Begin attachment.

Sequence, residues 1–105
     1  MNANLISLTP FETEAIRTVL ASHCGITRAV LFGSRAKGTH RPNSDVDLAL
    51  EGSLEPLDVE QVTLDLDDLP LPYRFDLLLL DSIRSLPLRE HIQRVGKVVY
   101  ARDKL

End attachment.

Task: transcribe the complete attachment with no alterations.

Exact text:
Sequence, residues 1–105
     1  MNANLISLTP FETEAIRTVL ASHCGITRAV LFGSRAKGTH RPNSDVDLAL
    51  EGSLEPLDVE QVTLDLDDLP LPYRFDLLLL DSIRSLPLRE HIQRVGKVVY
   101  ARDKL